A total of 26 patients with PSS had neurological involvement. Mean age was 40.50 years. (SD 14.803, min 22, max 78), 57.7 %(n=15) were females and 42.3% (n=11) were males. None of the studied patients complained of sicca symptoms but on direct questioning, sicca symptoms (ocular and oral dryness) were present in 38.5%. Serological markers anti Ro and anti La were present in 76.9%and 42.3% respectively, both Ro and La were present in 34.6%. Lip biopsy was diagnostic in 80.8% and schirmer test was positive in 46.2%. The most common neurological symptom was refractory headache being present in 84.6% of patients. All patients underwent cerebrospinal fluid manometry in which 69.2% had intracranial hypertension. Mean CSF pressure was 256.15 (SD 76.529) and CSF oligo clonal bands were present in 61.5% indicating intrathecal synthesis. Seizures occurred in 34.6% which were focal in 23.1% and generalized in 11.5%.

Trigeminal neuralgia was present in 26.9%, multiple cranial nerve palsies in 15.4% and recurrent facial nerve palsies in 11.5%. Optic neuritis was seen in 19.2% and prolonged VEPs were present in 26.9%. Clinical presentation mimicking relapsing and remitting multiple sclerosis (MS) was seen in 30.8% of patients in which 61.5% met revised McDonald criteria for dissemination in space (DIS) on MRI and 23.1% met criteria for dissemination in time (DIT), while 15.4% of patients fulfilled both DIS and DIT. MRI brain showed cortical lesions in 42.3%, generalized cerebral atrophy (GCA) in 30.8% and periventricular leucoaraiosis in 11.5%. Longitudinally extensive transverse myelitis involving cervical and upper thoracic cords was present in 26.9% of patients presenting with quadri/para paresis. We could not find any involvement of peripheral nervous system other than cranial nerve palsies.

Keeping in view the debilitating and aggressive nature of Neurosjogren's syndrome (NSS), all patients received inpatient care. All patients were given methylprednisolone pulse therapy for five days then intermittently for 06 months (weekly for 8 weeks, twice monthly for two months and monthly for two months). Patients with optic neuritis, longitudinally extensive transverse myelitis, CNS vasculitis and status epilepticus underwent plasma exchange for five sessions and were also given 03 weekly cyclophosphamide 75g/m2 of body surface area with a median cumulative dose of 7 to 10gms. After pulse cyclophosphamide therapy, the remission was maintained with azathioprine 2.5 to 3mg/kg/day, methotrexate 20-25gm/week or mycophenolate motefil 2gm daily depending upon patient's preference, affordability and tolerance. All patients also received prophylaxis for Pneumocystis Jirovici Pneumonia (PJP).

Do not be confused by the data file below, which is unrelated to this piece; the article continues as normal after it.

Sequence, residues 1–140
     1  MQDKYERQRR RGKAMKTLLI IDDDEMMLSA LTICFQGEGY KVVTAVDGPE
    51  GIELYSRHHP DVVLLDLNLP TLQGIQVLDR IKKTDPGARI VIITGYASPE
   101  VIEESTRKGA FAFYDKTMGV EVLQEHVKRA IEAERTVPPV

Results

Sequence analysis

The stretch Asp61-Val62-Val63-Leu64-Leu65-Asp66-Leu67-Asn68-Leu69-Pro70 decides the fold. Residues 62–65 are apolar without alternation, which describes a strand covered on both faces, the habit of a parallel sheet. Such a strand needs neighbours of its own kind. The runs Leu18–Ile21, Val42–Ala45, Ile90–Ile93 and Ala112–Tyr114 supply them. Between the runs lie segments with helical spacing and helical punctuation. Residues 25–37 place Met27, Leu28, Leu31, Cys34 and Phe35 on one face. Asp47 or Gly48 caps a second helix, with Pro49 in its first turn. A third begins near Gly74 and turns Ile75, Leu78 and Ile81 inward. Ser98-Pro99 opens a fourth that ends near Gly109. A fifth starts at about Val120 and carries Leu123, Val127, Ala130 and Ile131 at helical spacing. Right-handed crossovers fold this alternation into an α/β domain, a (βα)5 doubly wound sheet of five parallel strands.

Patients found to be having latent tuberculosis also received prophylactic anti tuberculous treatment (ATT). Out of all the patients who received immunosuppressive therapy, only two patients developed cytopenias requiring delay in dose of cyclophosphamide. None of the patients who received cyclophosphamide in our cohort developed hemorrhagic cystitis. All of the patients improved clinically, with no mortality in this cohort till the time of culmination of this study.


Primary Sjogren's syndrome (PSS) can have central nervous system (CNS) as well as peripheral nervous system (PNS) manifestations6. The prevalence of neurological manifestations ranges between zero and 70%7. This wide variation is likely due to the heterogeneity of the diagnostic criteria's as well the different hospitals where patients were managed. In a study by Lafitte et al8 in which he studied neurological involvement in Sjogren patients, overall 40% of patients had neurological manifestations. Classical Sicca symptoms may precede neurological manifestations in 40 to 93% of cases6. NSS is an underdiagnosed condition in the subcontinent as physicians and neurologists here are not familiar with its clinical presentations. It is also falsely believed that sjogren syndrome is a disease of western population. Yadav et al9 reported a series of six patients with NSS from a tertiary care hospital in india discussing neurological manifestation of sjogren syndrome.

In their study all of the patients had only PNS disease contrary to our observation of CNS involvement in almost all our patients. NSS is a difficult entity to diagnose because, firstly there are no diagnostic criteria and secondly young patients with CNS involvement usually do not manifest sicca symptoms. It is imperative that we are aware of its manifestations so that we are able to recognize and start appropriate treatment very early in the course of disease thereby preventing dreadful outcomes. We observed that certain patients with central nervous system involvement turned out to have positive serology for sjogren syndrome but were without anysymptoms of dry eyes or mouth. We performed a lip biopsy of these patients which, to our surprise, was positive with lymphocytic infiltrate.

The American college of rheumatology approved a new set of criteria5 for Sjogren's syndrome (SS) emphasizing the importance of objective evidence of glandular involvement using specific autoantibody positivity, ocular staining scores, and histological evidence of minor salivary gland.

* SS requires at least two of the following three findings:

1. Positive serum anti-Ro/SSA and/or anti-La/SSB antibody testing OR a positive rheumatoid factor and an antinuclear antibody (ANA) titer [greater than or equal to]1:320